So maybe Morrison and Rundio are on to something. While many are apt to talk about triathlon, especially the longer distances, as a selfish pursuit, perhaps our focus is wrong. Instead, focusing on how we can make a difference through our participation could be the key to unlocking the questions of increasing participation in triathlon in general – and among women in particular.


(c) Bec Brindley Photography

(c) Bec Brindley Photography

“… every child should have the right and opportunity to become the best that they can be in all areas of their lives.”  –  Morrison


For Morrison, its all about the kids:

“I am most passionate about inspiring and motivating young people. Sport has enriched my life beyond measure and allowed me to explore and develop my own mental and physical potential. I believe that every child should have the right and opportunity to become the best that they can be in all areas of their lives. If I can play a small part in making that happen then that’s great.”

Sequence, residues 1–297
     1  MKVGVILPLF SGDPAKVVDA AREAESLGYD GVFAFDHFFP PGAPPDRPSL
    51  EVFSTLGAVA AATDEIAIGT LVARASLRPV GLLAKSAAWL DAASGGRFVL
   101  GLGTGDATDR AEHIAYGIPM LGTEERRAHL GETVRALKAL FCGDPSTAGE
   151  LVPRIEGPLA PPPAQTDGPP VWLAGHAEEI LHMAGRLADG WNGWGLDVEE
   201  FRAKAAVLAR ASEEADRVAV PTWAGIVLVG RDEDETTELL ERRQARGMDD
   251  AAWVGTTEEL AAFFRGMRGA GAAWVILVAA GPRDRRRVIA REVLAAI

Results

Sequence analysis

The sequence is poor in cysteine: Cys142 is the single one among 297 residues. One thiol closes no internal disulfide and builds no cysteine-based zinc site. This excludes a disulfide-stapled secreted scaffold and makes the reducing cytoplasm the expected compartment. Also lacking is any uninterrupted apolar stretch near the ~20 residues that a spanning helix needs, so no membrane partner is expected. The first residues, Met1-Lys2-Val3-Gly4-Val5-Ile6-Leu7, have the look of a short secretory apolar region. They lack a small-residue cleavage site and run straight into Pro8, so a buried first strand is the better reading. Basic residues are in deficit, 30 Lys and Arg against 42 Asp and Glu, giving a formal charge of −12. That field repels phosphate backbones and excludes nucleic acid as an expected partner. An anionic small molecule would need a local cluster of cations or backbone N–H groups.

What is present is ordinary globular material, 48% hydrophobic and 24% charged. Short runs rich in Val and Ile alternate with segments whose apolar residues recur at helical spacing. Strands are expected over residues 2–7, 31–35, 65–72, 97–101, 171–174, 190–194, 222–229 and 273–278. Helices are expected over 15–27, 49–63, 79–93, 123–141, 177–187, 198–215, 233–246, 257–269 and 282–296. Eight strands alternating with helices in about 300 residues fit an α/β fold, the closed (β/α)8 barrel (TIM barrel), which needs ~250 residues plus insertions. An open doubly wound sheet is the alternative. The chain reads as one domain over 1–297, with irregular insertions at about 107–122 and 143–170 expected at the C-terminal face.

And it’s her World Championship and Ironman titles that make Morrison an effective ambassador for kids, “especially the moment when you tell them that you grew up around the corner or train in the local pool – the realization that “normal people” can do extraordinary things.”

Rundio’s work could have wide-spread implications for how we design and market events, and how we market our sport in general. “For example,” Rundio explains, “leveraging a cause could help sport organizations attract new participants, and if properly designed, the experience could also help keep these participants actively involved in the sport.”

As Morrison says, “Being an athlete, especially in an individual sport can be a selfish pursuit. However, it does not mean that you have to be personally selfish. In my own journey I have always believed that the help and support that I received and demanded of others by necessity required that I gave of my time and abilities towards others.”